Republican Presidential candidate and business mogul Donald Trump's extensive commercial networks include the US$3.7 billion Dakota Access Pipeline, which has been the object of animated protests from Native American nations and environmental activists.
While Trump has increasingly been under pressure to release his tax returns – he is the first major party presidential nominee in modern history who has not done so – Trump's many investments include companies that are financing the pipeline, according to the environmental group, Greenpeace.
Greenpeace says that Trump's financial disclosure forms disclose investments with two corporate stakeholders in the pipeline which Indigenous and environmental activists say will ruin sacred burial grounds and pollute local water supplies.
Trump disclosed $US500 million to $US1 billion in investments going to Energy Transfer Partners, a Texas-based company that is the primary builder of the 1,168-mile pipeline which, when finished, would run from North Dakota to Illinois.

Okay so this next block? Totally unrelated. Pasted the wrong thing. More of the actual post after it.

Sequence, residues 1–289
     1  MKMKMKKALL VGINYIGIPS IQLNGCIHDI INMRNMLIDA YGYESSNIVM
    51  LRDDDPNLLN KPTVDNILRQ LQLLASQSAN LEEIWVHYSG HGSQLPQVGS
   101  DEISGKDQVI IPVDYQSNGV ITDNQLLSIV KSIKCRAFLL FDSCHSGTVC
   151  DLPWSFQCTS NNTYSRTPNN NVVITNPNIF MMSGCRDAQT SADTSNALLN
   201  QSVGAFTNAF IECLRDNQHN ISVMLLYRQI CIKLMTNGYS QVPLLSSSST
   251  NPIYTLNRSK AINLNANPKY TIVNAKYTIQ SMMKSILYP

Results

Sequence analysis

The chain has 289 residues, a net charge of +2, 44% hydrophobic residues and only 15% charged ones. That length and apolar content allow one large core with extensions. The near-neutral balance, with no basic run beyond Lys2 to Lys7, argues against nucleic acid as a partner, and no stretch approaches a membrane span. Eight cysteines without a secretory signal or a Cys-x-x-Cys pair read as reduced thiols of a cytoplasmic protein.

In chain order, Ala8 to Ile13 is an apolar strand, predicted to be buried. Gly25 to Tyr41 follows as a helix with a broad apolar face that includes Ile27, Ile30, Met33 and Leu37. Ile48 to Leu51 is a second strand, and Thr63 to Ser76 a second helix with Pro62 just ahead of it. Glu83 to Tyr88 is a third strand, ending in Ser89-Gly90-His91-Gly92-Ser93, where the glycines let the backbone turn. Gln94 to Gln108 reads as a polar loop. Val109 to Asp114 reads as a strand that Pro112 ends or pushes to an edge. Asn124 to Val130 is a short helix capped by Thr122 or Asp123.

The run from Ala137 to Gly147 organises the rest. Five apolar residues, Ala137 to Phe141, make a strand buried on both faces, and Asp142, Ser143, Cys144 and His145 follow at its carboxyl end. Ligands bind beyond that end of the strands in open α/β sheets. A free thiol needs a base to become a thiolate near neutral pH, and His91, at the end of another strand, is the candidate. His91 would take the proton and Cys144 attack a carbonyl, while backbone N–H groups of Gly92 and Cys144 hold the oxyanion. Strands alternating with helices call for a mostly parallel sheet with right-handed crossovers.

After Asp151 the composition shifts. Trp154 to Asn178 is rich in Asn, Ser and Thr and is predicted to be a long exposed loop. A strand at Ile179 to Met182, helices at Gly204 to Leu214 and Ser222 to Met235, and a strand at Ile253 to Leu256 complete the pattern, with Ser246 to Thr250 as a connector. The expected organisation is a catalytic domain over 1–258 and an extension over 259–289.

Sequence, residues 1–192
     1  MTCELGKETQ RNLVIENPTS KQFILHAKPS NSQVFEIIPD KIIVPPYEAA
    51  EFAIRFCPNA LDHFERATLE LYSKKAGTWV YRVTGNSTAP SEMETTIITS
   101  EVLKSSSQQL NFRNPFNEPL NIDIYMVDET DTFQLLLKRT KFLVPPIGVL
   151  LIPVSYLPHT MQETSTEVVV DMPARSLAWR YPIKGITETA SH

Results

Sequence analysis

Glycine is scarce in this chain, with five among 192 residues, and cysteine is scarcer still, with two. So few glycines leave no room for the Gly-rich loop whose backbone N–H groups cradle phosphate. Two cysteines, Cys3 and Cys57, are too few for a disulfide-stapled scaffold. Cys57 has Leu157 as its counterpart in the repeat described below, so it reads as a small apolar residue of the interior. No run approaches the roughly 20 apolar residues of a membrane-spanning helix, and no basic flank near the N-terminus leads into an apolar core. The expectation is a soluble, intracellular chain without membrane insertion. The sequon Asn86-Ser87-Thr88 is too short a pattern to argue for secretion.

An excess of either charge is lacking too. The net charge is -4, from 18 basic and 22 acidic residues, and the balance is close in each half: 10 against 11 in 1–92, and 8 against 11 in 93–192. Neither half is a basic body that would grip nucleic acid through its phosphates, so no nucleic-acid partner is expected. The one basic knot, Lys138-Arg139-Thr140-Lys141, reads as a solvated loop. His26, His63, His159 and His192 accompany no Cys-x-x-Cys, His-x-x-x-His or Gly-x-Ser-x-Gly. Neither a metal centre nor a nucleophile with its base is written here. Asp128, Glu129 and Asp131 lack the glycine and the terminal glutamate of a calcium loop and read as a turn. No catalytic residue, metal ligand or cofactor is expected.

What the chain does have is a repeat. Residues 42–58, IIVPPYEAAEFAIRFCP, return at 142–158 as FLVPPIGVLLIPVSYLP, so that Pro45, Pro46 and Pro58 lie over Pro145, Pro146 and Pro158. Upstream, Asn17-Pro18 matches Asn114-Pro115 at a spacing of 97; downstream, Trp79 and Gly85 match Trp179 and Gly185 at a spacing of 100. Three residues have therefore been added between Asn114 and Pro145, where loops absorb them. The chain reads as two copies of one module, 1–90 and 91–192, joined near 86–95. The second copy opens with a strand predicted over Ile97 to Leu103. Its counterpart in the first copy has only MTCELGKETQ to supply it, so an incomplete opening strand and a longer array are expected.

Trump's financial disclosure form also reveals that he had between $US50,000 to $US100,000 in company Phillips 66, which has purchased an ownership stake in the pipeline that is equal to one-quarter of its value, once it is completed.
Harold Hamm, Trump's energy advisor who made millions of dollars through Continental Resources, the biggest fracking company in the U.S., is also a stakeholder in the pipeline.
While Trump has not made any public comments about his connection to the pipeline, he has continually downplayed a number of major environmental concerns. He has previously stated that he wishes to renegotiate climate change regulations in favor of big oil industries and even claiming that he would "cancel" the Paris Climate Change accords.